Some of Schneider's dedicated accounts get wide-base single wheels and tires on the trailers that serve them. But wheels are steel instead of aluminum to make them less attractive to thieves. The big single tires alone save about 200 pounds per tandem over dual, standard-size tires and steel wheels. All vans ride on Hutch EZ-Pull steel-spring suspensions, which are lighter and cost less than air-ride. Trailers that go on rail cars have lift pads and other equipment, but some items are being removed and lighter-weight pads installed to save about 50 pounds.
More payload's not the only reason to spec weight-saving components. Schneider's weight-cutting efforts took about 200 pounds off each trailer, which allowed it to add Ridge Green Wing side skirts without adding weight. It's equipping all of its 30,000 vans with side skirts to comply with California's fuel and greenhouse-gas regulations.
Corrosion & strength
While not a weight item, corrosion resistance has become important, so Schneider specs galvanized steel door headers, rear subframe, and landing gear. "We believe it will help, especially in the lower corners of the header, where moisture tends to gather, and in the subframe," he said.
"We don't try to lighten the underside," Duley said, because strength there is important to long life. Schneider aims to operate its vans at least 10 years, "then we inspect them and do some maintenance, and pull by condition" for as long as it's safely and economically feasible.
Schneider pays $25,000 to $30,000 for a van, depending on details. Each weighs 14,200 to 14,300 pounds, and can carry a payload of 47,500 pounds with an older tractor or 46,500 with a new tractor. With a 72-inch sleeper, an older tractor weighs 18,200 pounds, which is 1,000 less than a new tractor that has a heavier 2010-spec diesel with selective catalytic reduction emissions aftertreatment equipment.
The company considered a smaller sleeper, but they still have a thousand driver teams that need the large sleeper-cab. "They usually get new trucks, run them a year, then the trucks go into single driver use. We have bought some smaller sleepers, about a foot to 18 inches shorter. With reduced wheelbase and everything else that follows, they save 300 to 400 pounds" versus a 72-incher.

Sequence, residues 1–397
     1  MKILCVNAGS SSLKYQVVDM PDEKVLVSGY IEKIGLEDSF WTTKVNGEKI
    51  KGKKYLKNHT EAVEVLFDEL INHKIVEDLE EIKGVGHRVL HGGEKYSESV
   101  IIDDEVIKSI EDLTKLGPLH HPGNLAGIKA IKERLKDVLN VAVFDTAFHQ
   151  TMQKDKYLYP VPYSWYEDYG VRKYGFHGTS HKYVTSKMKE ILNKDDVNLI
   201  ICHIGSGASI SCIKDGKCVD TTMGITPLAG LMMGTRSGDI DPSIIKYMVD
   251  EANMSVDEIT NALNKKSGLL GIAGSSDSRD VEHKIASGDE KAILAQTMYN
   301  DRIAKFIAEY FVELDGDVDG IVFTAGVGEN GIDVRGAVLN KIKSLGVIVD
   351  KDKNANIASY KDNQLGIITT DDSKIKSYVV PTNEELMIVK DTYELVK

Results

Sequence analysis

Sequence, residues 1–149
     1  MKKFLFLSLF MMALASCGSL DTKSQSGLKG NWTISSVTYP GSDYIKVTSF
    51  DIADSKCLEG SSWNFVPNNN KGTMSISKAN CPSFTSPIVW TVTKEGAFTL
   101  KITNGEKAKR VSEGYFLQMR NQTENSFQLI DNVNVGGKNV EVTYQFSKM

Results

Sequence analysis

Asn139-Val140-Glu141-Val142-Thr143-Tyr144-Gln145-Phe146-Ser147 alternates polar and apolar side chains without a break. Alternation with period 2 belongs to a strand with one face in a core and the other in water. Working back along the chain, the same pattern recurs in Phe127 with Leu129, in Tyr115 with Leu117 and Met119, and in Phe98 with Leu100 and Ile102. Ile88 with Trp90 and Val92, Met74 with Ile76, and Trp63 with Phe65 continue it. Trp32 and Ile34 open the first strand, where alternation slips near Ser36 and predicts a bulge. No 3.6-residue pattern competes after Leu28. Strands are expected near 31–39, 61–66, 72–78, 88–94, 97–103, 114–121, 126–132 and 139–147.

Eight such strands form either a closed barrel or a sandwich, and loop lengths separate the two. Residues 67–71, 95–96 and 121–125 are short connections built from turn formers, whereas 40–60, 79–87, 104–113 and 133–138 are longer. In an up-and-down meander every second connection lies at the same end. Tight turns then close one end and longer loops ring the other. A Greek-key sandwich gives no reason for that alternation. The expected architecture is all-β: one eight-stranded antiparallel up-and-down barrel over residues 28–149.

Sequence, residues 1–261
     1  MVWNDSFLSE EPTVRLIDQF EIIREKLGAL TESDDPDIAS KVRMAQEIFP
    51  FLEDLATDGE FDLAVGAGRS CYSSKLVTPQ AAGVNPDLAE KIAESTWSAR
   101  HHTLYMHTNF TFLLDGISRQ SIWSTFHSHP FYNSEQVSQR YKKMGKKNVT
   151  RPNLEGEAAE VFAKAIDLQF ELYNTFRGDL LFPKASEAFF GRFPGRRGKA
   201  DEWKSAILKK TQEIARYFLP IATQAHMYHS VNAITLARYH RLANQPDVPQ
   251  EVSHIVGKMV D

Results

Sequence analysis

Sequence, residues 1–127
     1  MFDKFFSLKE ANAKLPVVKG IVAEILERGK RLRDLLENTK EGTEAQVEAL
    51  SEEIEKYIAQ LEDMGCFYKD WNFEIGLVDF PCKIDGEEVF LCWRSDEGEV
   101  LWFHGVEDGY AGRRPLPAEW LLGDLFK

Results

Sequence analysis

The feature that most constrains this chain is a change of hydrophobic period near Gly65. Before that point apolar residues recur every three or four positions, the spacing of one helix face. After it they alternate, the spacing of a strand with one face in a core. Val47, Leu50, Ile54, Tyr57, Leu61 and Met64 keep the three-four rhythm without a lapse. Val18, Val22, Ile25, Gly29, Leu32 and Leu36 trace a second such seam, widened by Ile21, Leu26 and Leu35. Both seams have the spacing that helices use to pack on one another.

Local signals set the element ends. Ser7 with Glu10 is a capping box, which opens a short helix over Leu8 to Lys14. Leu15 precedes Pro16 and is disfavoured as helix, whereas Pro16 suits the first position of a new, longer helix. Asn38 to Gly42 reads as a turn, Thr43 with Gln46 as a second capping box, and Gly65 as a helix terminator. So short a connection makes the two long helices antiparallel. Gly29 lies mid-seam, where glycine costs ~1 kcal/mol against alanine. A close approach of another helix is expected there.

Tankers run by Schneider's bulk division get similar attention to weight-saving details balanced against other considerations. Among them is the fact that shippers often send loads that are less than a full truckload because that's what their customers specify. Some get the wide-base tires on steel wheels, which save about 200 pounds over standard duals. The fleet likes wide brakes for long lining life, but uses smaller brakes on certain accounts.
Otherwise the tankers are spec'd for durability and long service life. The cost is $50,000 to $75,000 for a standard chemical tank. Schneider wants them to last infinitely, and there is no trade cycle. "We do a lot of maintenance on them and inspect them often," Duley said. At 15 to 20 years they are put on limited runs.
Aluminum, yes, but...
To save weight in a trailer (or a tractor, for that matter), look at aluminum in everything. But it always costs more than steel. And while some aluminum components fight corrosion and last longer, others suffer fatigue and give less life. Some cost less than others on a per-pound-saved basis. For instance, cast or fabricated aluminum brackets and wheel hubs cost less than forged aluminum wheels.
Each builder has features designed to cut weight and add volume, like thin walls, where aluminum sheet-and-post is still a popular construction. Here aluminum posts can be spec'd instead of the usual steel. Newer composite walls, often employing a foam core with sheet metal skins, are also lightweight